Critiquing Critique: My Postmodern Foray into Metaliterature

I often go to groups of writers to ask for feedback on my work, and while I am grateful for their comments sometimes I am also frustrated by the way they approach critiquing. I decided that perhaps having gone through so many critique meetings I may have enough material to write a novel about it. I finished the first chapter and even submitted it to other writers for critique so  they can critique my critique of their critique of my writings. (It’s probably the most postmodern thing I have ever done, although I’ve realized this only in retrospect.) So far I haven’t continued writing this novel, but eventually I may if I find enough time in my schedule.

Note: I should really write an introductory chapter explaining the setting of the novel, unfortunately I’m not sure how to do it without making it boring. Just so you know, the entire novel takes place in a café where half a dozen or so writers are gathering to critique each other’s writings.

Robot-Lincoln’s eyes glowered with a demonic red light when he saw an approaching army of space-zombies against the background of the Milky Way as he perched on the rings of Saturn.1 The Pandamonium amalgam in his robot veins boiled with rage as he sensed the telepathic messages commanding the space-zombie army from the Zombie John Wilkes Booth who is trapped inside the core of the planet XMF694.B by the curse of a cabal of Voodoo priests.2 Forever banished from the face of the blue planet by this curse, Zombie-Booth summon swarm after swarm of space-zombies to destroy earth. Only Robot-Lincoln, constructed by the best scientists of Northrop-Grumman from indestructible Pandamonium, is capable of saving earth.3

Robot-Lincoln leapt off the rings of Saturn at superluminal speed towards the advancing space-zombie army, tightly gripping his axe Hroðgar in his right hand. He smiled maniacally as he stared into the demonic eye of one space-zombie with a glance so powerful as to cause instant insanity to any living or undead being, then swung Hroðgar into the abdomen of the wretched zombie causing it to instantly explode with the force of a million supernovae, an explosion that continues to echo through the universe today in the phenomenon of gamma ray bursts. As each zombie leapt towards Robot-Lincoln it was annihilated by the blessed Hroðgar, a steely wonder forged from the stolen hammer of Thor, reinforced with the degenerate hearts of a hundred neutron stars, honed by Hephaestus to cleave hadrons into quarks.4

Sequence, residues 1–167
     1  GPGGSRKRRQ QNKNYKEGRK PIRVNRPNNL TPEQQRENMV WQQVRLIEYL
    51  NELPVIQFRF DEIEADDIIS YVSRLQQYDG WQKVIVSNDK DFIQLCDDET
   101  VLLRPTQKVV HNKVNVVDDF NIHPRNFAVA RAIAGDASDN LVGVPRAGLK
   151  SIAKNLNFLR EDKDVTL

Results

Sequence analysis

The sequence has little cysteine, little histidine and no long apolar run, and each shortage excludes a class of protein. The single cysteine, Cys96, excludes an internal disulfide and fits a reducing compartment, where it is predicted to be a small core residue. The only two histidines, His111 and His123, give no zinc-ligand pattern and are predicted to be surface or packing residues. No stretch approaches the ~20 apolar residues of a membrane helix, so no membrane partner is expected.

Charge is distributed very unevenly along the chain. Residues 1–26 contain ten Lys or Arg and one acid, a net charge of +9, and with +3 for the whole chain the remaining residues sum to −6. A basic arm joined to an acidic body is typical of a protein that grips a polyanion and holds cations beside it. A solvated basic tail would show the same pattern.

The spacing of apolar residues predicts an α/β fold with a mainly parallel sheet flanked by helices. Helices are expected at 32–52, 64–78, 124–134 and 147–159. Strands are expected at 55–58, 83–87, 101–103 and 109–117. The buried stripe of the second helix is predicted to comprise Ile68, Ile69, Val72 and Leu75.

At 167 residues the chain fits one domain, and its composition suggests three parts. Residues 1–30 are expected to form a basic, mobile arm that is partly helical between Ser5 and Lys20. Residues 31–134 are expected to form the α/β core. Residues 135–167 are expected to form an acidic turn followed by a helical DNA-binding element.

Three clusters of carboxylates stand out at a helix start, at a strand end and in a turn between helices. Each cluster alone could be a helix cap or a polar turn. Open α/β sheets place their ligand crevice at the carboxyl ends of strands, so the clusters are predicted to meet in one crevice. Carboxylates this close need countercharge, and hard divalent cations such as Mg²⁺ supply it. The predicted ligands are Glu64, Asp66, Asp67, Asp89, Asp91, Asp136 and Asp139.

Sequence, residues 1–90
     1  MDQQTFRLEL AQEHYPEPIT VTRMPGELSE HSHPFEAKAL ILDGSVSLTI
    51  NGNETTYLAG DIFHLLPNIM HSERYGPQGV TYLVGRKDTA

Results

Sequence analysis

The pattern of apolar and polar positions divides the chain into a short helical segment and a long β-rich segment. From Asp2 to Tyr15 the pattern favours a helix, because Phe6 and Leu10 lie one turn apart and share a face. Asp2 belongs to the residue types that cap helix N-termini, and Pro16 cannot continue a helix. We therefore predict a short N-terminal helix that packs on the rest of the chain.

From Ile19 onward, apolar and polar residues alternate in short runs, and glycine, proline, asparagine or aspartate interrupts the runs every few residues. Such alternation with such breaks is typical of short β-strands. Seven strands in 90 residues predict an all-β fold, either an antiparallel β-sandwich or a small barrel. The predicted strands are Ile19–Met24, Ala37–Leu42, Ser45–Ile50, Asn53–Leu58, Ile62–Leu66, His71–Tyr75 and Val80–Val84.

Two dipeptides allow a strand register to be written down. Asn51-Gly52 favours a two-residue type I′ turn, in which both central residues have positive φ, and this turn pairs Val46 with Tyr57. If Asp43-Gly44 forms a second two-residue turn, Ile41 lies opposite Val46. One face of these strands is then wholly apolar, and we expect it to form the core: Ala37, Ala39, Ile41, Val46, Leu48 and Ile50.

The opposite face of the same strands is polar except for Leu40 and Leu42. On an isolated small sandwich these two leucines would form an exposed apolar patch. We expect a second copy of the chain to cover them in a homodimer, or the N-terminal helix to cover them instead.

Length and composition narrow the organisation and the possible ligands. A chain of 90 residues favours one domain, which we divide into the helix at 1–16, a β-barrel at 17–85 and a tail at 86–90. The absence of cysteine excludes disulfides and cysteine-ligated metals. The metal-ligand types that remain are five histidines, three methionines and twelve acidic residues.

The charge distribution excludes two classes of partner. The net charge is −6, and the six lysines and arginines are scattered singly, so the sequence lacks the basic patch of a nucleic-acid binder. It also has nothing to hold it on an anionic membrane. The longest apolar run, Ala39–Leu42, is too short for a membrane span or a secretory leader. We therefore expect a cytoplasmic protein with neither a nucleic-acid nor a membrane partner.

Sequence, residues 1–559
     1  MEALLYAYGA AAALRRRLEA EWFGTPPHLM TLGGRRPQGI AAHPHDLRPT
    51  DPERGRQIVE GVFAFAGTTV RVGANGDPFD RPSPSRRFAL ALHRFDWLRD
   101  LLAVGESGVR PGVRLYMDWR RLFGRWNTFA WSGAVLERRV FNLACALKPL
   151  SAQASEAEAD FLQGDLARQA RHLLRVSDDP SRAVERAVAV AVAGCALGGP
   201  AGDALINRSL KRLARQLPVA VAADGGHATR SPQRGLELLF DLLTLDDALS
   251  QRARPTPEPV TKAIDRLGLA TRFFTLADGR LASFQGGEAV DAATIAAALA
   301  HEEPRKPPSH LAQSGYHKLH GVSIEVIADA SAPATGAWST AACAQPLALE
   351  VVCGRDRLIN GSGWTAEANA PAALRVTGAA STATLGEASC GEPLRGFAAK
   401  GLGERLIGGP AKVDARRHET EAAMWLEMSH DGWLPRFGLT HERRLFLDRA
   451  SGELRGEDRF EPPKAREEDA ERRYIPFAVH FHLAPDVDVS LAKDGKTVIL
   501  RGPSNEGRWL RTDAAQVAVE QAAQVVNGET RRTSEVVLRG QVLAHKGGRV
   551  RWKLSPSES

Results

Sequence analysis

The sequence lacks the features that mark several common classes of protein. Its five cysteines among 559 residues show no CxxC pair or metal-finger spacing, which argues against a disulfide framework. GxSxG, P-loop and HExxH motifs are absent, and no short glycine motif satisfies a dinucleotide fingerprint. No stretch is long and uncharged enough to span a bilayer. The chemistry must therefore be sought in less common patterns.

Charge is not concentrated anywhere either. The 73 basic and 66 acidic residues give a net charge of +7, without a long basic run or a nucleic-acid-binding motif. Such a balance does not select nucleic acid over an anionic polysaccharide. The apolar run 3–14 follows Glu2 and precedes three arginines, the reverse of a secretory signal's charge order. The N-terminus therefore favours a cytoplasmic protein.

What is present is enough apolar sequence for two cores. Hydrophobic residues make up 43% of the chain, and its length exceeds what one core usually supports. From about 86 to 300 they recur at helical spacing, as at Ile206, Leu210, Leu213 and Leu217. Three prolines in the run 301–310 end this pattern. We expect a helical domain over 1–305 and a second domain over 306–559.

As the surviving zombies were retreating from the carnage, Robot-Lincoln grabbed a super-duper-nova and tossed it at the defeated zombie army, then flew into intergalactic space to escape the explosion, which was of such intensity that it wiped the zombie army from history so it never existed in the first place.5

Robot-Lincoln then scanned the galaxy for other space-zombie forces commanded by Zombie-Booth when he spotted a turban poking through the Eagle Nebula. Switching his vision to infrared he saw Robot-bin Laden hiding inside the dust clouds, and swooped down to karate-kick him back into the oblivion from whence he came. But Robot-bin Laden quickly spotted Robot Lincoln, then pointed his arms which were made of flamethrowers and directed the demonic blue flame of a quintillion jinns at Robot-Lincoln.6 The flames easily deflected off of Robot-Lincoln’s Pandamonium armor, but in rage Robot-Lincoln threw Hroðgar at Robot-bin Laden.

Quickly Robot-bin Laden pulled out his hellsword, a weapon still burning of the hellfire from when it was forged in the bowels of Satan’s lair, and knocked Hroðgar back towards Robot-Lincoln. Robot-Lincoln quickly donned on shades to protect himself from the evil light emanating from the hellsword, a light that causes mass extinctions.7 Catching Hroðgar in his right hand he raised his left arm which is not an arm but a pistol that shoots planets, and fired six planets traveling at a million times the speed of light at Robot-bin Laden.8 Robot-bin Laden dodged the planets Matrix-style, leaving them to fly to the edge of the universe where they tore six wormholes in the fabric of spacetime.

Robot-Lincoln advanced towards Robot-bin Laden to tear through his armor made of an inferior grade of Pandamonium with Hroðgar, but as Robot-Lincoln swung his sacred axe at the evil robot it was blocked by Robot-bin Laden’s hellsword. The force of the clashing blades caused gravitational waves so intense that they rippled backwards in time and changed history so now Robot-Lincoln’s legs have turned into alligators and Robot-bin Laden’s flamethrower arms turned into octopus tentacles.9 Robot-Lincoln swung his alligator legs at Robot-bin Laden, gnashing through and severing the tentacles gripping onto the hellsword. Robot-Lincoln took the hellsword and cut a gash into the fabric of spacetime, and kicked Robot-bin Laden as he yelled “THIS IS SPARTA!!!”10 Robot-bin Laden fell backwards into the gash, after which Robot-Lincoln sealed the rip in spacetime with his bare hand so that Robot-bin Laden fell into hyperspace where he was tortured for all eternity.
Karl Williamson